Aunt Celia dropped to her knees. An anguished cry escaped her dry lips. “I am ready!” She reached toward the sky.
I stared in shock. Aunt Celia collapsed into a heap and convulsed.
“Look away, Mija!” Mama called over her shoulder as she turned her back on her sister.
I obeyed and turned away from Aunt Celia. On my eighth birthday, Mama had explained that eyes were the windows to the soul. Mama told the story of her great-great grandmother, Anne, who had been caring for her sick brother when she watched him gasp his last breath. She witnessed his struggle and his eventual surrender, only to die minutes later. It was believed that the death spirits entered Anne’s body through her opened eyes, like a burglar slipping through an unlocked window.
Aunt Celia’s body stilled, but I kept my eyes clenched, too afraid to look.
“Mama, I hungry,” a timid voice called from the house.
Mama and I both whirled around to find Ariana peeking around the door. She had been bed-ridden and near death for six days.
“How about macaroni?” I asked. Ariana smiled and nodded her head vigorously before disappearing into the house.
Mama kneeled down beside Aunt Celia and gently tugged her eyelids shut.
Drawing the curtains. All the women in town knew this duty. After death, the eyelids had to be closed to prevent spirits from moving through the body. Male hands weren’t allowed to do this.
As I walked inside, I knew this would be a story told to my great-great grandchildren: the day Aunt Celia took my place as the alternate sacrifice.
This was another collaboration with Emilio Pasquale – he provided the photo to write whatever I could come up with for a story. Be sure to check out his photo blog, if you haven’t already been there 🙂
Very good, been waiting for another great story from you. It drew me to the end.
I’m glad you liked the story, Tessa! I always have doubts when I post a story whether it will be good enough 🙂
I think we all have those doubts I know I do, 🙂
Good to know it’s not just me 🙂
Mesmerizing story.. really scary and this is exactly how myths are born.. I especially like the way to avoid looking in the eyes would save you..
Thanks, Bjorn! I think it would scare me enough to look away 🙂
Great story. Highly creative and a bit creepy!
Haha, yes, this one was a bit creepy, Suzicate!
Nice work, Janna. I liked your simile of the burglar. And yes, creepy!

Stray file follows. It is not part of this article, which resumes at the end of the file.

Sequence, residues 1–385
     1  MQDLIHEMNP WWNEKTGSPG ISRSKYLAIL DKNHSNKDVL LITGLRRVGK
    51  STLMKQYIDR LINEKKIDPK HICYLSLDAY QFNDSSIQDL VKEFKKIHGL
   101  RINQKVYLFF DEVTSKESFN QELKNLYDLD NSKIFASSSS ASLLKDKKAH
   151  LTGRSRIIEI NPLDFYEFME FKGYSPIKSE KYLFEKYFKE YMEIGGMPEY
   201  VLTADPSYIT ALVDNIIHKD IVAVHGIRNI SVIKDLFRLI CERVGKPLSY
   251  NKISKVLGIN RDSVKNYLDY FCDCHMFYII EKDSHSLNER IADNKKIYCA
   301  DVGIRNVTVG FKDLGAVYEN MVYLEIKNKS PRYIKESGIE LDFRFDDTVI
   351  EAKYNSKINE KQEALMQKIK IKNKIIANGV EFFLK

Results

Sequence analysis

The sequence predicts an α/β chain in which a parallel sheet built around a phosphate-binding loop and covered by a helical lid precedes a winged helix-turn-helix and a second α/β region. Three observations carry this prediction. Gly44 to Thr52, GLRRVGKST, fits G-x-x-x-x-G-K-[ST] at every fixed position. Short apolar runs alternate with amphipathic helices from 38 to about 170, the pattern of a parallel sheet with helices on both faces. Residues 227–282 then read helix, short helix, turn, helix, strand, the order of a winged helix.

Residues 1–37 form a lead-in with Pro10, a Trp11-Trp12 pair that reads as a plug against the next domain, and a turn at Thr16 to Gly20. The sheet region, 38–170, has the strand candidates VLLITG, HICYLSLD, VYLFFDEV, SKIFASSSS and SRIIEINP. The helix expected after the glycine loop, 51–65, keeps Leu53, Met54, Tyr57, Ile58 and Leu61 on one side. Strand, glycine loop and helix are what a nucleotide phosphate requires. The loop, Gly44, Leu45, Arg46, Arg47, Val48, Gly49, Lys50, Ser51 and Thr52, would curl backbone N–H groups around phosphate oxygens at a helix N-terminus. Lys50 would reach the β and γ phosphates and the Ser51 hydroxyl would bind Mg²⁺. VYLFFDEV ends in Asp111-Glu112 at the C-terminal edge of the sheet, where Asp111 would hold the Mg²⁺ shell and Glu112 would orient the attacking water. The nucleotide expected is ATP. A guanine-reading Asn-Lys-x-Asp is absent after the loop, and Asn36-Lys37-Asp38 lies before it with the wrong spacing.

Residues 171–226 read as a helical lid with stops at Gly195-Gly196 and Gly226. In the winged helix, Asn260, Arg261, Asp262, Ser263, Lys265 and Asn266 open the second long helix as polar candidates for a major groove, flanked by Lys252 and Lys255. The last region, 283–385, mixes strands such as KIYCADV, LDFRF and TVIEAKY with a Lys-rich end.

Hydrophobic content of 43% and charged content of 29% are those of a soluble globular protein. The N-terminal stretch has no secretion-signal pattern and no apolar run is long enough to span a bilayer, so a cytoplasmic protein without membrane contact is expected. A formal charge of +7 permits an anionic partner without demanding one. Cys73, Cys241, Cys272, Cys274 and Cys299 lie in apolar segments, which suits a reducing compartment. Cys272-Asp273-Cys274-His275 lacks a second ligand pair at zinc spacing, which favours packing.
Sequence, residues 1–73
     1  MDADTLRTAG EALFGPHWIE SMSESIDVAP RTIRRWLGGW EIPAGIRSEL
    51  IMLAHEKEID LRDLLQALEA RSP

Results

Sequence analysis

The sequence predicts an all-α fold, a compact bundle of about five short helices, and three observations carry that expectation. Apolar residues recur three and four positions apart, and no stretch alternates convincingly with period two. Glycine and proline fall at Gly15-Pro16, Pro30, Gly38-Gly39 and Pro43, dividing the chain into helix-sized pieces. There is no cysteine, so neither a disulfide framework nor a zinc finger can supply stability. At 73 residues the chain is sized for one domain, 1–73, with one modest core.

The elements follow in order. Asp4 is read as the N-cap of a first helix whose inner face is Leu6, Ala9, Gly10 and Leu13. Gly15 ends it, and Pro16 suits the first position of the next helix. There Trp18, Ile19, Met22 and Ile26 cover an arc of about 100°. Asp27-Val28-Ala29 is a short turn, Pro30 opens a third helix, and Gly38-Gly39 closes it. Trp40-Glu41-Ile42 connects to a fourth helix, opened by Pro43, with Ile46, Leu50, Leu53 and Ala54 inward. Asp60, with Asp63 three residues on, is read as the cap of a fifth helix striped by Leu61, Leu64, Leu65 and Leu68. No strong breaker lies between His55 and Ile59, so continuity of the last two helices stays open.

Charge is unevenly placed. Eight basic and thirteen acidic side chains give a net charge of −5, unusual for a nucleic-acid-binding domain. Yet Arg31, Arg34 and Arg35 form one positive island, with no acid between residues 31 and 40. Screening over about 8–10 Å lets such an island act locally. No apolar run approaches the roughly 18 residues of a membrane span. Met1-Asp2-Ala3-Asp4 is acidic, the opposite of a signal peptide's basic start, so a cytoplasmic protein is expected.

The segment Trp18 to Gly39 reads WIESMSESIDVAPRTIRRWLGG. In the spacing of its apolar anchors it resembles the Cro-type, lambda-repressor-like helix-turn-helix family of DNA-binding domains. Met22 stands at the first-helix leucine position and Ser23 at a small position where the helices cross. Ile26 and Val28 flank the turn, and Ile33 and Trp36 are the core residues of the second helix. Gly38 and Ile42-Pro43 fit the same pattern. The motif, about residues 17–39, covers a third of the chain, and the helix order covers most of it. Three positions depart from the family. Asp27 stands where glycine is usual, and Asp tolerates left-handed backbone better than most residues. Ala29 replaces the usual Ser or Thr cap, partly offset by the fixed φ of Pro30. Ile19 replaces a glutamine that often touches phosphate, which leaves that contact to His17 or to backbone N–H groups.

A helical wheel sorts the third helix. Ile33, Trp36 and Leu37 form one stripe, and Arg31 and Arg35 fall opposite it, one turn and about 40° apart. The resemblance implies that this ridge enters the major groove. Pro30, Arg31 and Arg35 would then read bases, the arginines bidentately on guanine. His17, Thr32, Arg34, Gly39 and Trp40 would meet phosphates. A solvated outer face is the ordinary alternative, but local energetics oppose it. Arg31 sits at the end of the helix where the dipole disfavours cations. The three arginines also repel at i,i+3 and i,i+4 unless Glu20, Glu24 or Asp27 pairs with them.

Thanks, Patti! I wasn’t sure how this one would end when I started it, but I did know it would be strange.
It shows your versatility as a writer.
or that sometimes I get lucky and it works, haha 🙂
It happens too often to be a fluke.
Thanks, Patti 🙂
Wonderful release for Auntie!
Thanks for reading, Nancy! Auntie was released to somewhere 🙂
Janna, this one surely doesn’t disappoint — I found my eyes flying over your words in an attempt to learn what was going to happen. So creepy! Almost a Halloween sort of tale, and it goes so well with Emilio’s photo! Thanks for sharing it here!
Thanks, Debbie! I think my often dark thoughts at the moment contributed to the vibe of the story… but I knew death had to be in there somewhere, as the photo just seemed to scream “Day of the Dead” 🙂
Very powerful. Well done! 😀
Thanks, Widdershins – I appreciate you reading! Haven’t seen much writing from you lately… hope you are doing well. (I could have stuff buried in my email, but if so, I’ll get there eventually.)
Thanks for asking … I’ve been really sick with this flu/bronchitis for the last 2 months … but I’m getting better. Mrs Widds is currently down for the count … next winter we’re going to hibernate from November to March! 😀
Two months is a long time to struggle with illness. Hibernation sounds like a good plan for next year!
Yay! Janna’s back! What a great story. I’m thinking this is now one of my favorites! I’m getting more character development, and much more subtext in this than I ever did before. Or is that just me reading into it? But to call this a collaboration is an overstatement. I only gave you a photo prompt! I didn’t contribute one word!
Wow, I’m glad you liked the story that much, Emilio. I was actually hesitant to post it (as I often am) because I wasn’t sure if it was good enough. Well, I did finish this story up at 1:00 am and could hardly see straight so it’s possible that some character development and subtext slipped in 🙂 Funny thing is, I wrote the story in third person and I didn’t think it fit, so I changed it to first person. Then I had to change some of the wording and descriptions because they didn’t belong with a 12-year-old narrator.